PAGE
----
Grimshaw and Billard Leece Partnership’s medical research facility is a polished addition to the University of Melbourne. This review from Architecture Australia Mar/Apr 2014.
This new building at the University of Melbourne houses cutting-edge immunology research facilities, with Nobel Prize Laureate Professor Peter Doherty as its patron. The building has been designed by Grimshaw in collaboration with Billard Leece Partnership and boasts healthy credentials, a very healthy budget and an expanding field of research enquiry – making its presence and future assured. The sponsorship of the project is collaborative: a partnership between the University of Melbourne and Melbourne Health, it has received funding from the federal government’s Education Investment Fund as well as the Victorian Government. It has also received input from the World Health Organization (WHO), as the home for the WHO’s Collaborating Centre for Reference and Research on Influenza. A mix of highly specific medical research, academic functions and opportunities for public engagement, the building is the public face of The Doherty Institute. I’m calling it a public building because its funding and intentions are for public benefit.
The Doherty Institute sits on a prominent corner in the expanding health and academic precinct on Royal Parade in Melbourne. It occupies the former site of the rather iconic, but latterly bastardized Ampol House – a very public site with three street frontages.
At the time of writing, the building was at handover stage and so was not yet occupied; therefore my commentary and comments can only be read as projective of its inhabitants. Nonetheless, given some understanding of the nature of the various contained functions, the declared intentions of The Doherty Institute and the building’s presence in this prestigious and public precinct, my initial reaction is to ask my current favourite question: “Why does it look like that?” This line of enquiry examines what the rules of engagement are, seeks to discover what is being expressed and asks what this particular composition of built elements suggests to us about the nature of the activities contained and our relationship to those activities. This is not a pejorative exercise on my part – I believe that architecture tells us things about ourselves and prompts us to consider our place and presence. This is not to say that architecture is a language, but that I believe we “read” it, and that it does “act” upon us.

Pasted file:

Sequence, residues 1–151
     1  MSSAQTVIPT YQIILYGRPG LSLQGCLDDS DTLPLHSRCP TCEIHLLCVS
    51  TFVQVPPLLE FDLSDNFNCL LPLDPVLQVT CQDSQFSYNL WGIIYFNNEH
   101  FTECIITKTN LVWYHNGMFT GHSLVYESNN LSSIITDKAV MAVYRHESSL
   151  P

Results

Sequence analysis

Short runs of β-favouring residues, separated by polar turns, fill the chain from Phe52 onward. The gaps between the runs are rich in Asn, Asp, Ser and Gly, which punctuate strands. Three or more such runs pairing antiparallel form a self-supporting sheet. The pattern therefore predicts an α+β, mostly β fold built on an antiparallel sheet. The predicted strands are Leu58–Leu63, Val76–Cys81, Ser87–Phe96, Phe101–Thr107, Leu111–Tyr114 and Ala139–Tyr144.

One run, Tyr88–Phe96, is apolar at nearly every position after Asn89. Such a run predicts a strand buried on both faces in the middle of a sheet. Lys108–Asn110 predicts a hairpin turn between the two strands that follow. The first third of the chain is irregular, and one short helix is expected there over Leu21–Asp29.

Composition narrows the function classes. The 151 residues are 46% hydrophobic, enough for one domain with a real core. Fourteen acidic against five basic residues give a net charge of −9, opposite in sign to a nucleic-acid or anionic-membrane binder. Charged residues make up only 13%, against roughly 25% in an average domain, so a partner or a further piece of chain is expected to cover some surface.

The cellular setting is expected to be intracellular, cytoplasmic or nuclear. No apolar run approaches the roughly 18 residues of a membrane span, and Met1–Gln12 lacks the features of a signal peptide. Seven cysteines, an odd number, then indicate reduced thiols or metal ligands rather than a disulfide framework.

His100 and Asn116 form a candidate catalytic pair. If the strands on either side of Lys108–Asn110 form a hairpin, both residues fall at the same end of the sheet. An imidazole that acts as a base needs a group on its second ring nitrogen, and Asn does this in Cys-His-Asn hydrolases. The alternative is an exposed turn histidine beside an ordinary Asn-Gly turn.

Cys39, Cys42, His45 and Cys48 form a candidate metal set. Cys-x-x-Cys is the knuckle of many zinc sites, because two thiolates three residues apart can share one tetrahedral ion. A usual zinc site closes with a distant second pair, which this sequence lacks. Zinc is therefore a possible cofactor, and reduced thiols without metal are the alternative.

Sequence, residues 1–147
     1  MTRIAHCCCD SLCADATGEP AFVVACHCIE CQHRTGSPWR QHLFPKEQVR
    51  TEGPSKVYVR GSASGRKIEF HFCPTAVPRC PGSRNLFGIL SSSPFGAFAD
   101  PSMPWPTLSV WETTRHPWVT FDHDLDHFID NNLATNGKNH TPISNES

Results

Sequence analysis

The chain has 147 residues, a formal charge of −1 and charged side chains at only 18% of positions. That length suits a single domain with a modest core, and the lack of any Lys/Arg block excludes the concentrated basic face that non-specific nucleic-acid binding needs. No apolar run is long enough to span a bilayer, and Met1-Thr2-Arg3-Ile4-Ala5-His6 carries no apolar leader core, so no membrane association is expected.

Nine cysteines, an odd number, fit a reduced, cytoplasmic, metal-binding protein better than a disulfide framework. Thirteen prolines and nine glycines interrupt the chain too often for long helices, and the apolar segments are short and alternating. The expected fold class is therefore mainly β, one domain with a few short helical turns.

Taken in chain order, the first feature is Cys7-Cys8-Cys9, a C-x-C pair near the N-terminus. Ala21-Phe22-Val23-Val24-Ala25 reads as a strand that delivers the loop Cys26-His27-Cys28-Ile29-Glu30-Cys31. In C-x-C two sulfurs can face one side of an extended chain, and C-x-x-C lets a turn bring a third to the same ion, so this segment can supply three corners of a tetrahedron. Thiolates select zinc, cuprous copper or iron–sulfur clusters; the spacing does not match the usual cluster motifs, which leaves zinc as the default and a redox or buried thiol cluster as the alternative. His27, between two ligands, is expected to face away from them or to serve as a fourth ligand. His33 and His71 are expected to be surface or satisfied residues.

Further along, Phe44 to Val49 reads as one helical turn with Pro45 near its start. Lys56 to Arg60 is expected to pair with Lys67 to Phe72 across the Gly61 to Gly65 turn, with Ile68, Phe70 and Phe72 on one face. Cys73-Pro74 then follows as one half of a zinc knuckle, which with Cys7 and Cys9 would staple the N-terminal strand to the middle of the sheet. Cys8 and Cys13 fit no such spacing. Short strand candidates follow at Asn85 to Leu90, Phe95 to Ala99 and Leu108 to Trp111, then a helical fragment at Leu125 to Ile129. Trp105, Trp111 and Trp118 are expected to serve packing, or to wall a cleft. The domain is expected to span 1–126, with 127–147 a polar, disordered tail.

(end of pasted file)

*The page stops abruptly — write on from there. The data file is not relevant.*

I notice the unevenly divided three-part north facade, the asymmetrically folded precast concrete panels of the east and west facades, the high-tech street canopy and the undulating ply-rib ceiling of the foyer space and two other spaces at mid-height and on the top floor of the building. I reasonably assume that each indicates different occupational and environmental conditions acting on the building. I am shown comprehensively through a very professional, polished response to a well-articulated brief. Everything is well reasoned, thorough and measured – not with a sense of rightness, more one of being “correct”. However, it seems to me that the issue for such thorough reasoning is that it lacks hierarchy – and our lives are hierarchical and differentiated.
The structure of the program and the identities of its composition are so well studied that in these instances, this structure, this control, starts to feel bureaucratic and self-confident, requiring nothing of me as the user. The building’s components seem to have the architectural equivalent of reason and professionalism that John Ralston Saul develops in Voltaire’s Bastards when he suggests, “the contribution [professionals] made to society was via their professionalism, which was an assertion of reason. And to possess reason was to be a responsible individual.”1 In this building, I am an individual but I am not required to act, as I sense the spaces feel no need for me to engage with them.